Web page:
Mary Jane Kelly

Mary Jane Kelly
Mary Jane Kelly.jpg
Sketch in The Penny Illustrated Paper (24 November 1888)
Bornc. 1863
Died9 November 1888 (aged c. 25)
Body discovered13 Miller's Court, Dorset Street in Spitalfields, London, England
51°31′7.16″N 0°4′30.47″W / 51°31′7.16″N 0°4′30.47″W / Site where Mary Jane Kelly body was found in Spitalfields)

Mary Jane Kelly (c. 1863 – 9 November 1888), also known as Marie Jeanette Kelly, Fair Emma, Ginger, Dark Mary, and Black Mary, is widely believed to have been the final victim of the notorious unidentified serial killer Jack the Ripper, who killed and mutilated several women in the Whitechapel area of London from late August to early November 1888. She was about 25 years old and living in poverty at the time of her death.

Early life

Compared with other Ripper victims, Kelly's origins are obscure and undocumented, and much of it is possibly embellished. Kelly may have herself fabricated many details of her early life as there is no corroborating documentary evidence, but there is no evidence to the contrary either.[1] According to Joseph Barnett, the man she had most recently lived with prior to her murder, Kelly had told him she was born in Limerick, Ireland, in around 1863—although whether she referred to the city or the county is not known—and that her family moved to Wales when she was young.[2]

Barnett reported that Kelly had told him her father was named John Kelly and that he worked in an iron works in either Caernarfonshire or Carmarthenshire.[3] Barnett also recalled Kelly mentioning having seven brothers and at least one sister.[4] One brother, named Henry, supposedly served in the 2nd Battalion Scots Guards.[3] She once stated to her friend Lizzie Albrook that a family member was employed at the London theatrical stage. Her landlord, John McCarthy, claimed that Kelly received infrequent correspondence from Ireland.[5]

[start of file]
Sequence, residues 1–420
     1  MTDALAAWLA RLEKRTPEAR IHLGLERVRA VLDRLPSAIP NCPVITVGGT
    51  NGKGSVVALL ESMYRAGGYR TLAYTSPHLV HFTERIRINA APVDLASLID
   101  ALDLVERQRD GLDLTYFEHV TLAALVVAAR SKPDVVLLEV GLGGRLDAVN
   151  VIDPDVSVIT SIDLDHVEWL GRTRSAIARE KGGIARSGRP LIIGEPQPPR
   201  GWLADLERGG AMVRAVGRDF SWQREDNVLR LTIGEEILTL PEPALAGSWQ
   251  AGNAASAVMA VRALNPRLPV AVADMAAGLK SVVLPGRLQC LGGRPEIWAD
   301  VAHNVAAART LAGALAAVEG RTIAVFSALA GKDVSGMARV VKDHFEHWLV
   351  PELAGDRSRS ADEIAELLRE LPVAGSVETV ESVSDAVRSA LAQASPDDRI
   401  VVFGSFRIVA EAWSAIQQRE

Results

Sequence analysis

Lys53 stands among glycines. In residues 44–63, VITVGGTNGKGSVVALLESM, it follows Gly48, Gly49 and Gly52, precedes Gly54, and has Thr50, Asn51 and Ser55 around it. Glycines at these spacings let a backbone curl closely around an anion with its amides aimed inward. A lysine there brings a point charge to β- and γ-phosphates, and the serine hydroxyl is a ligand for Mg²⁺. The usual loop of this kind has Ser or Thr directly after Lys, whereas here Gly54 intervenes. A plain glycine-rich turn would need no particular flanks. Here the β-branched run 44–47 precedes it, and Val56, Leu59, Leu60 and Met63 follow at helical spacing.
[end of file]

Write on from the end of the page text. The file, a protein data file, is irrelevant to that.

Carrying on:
Both Barnett and a reported former roommate named Mrs. Carthy claimed that Kelly came from a family of "well-to-do people". Carthy reported Kelly being "an excellent scholar and an artist of no mean degree"—but at the inquest, Barnett informed the coroner that she often asked him to read the newspaper reports of the murders to her, suggesting that she was illiterate.[6]

Around 1879, Kelly was reportedly married to a coal miner named Davies, who was killed two or three years later in a mine explosion. She claimed to have stayed for eight months in an infirmary in Cardiff, before moving in with a cousin. Although there are no contemporary records of Kelly's presence in Cardiff, it is at this stage in her life that Kelly is considered to have begun her career as a prostitute.[7]

Other Languages
العربية: ماري جين كيلي
español: Mary Jane Kelly
français: Mary Jane Kelly
Gàidhlig: Mary Jane Kelly
hrvatski: Mary Jane Kelly
italiano: Mary Jane Kelly
português: Mary Jane Kelly
српски / srpski: Мери Џејн Кели
srpskohrvatski / српскохрватски: Mary Jane Kelly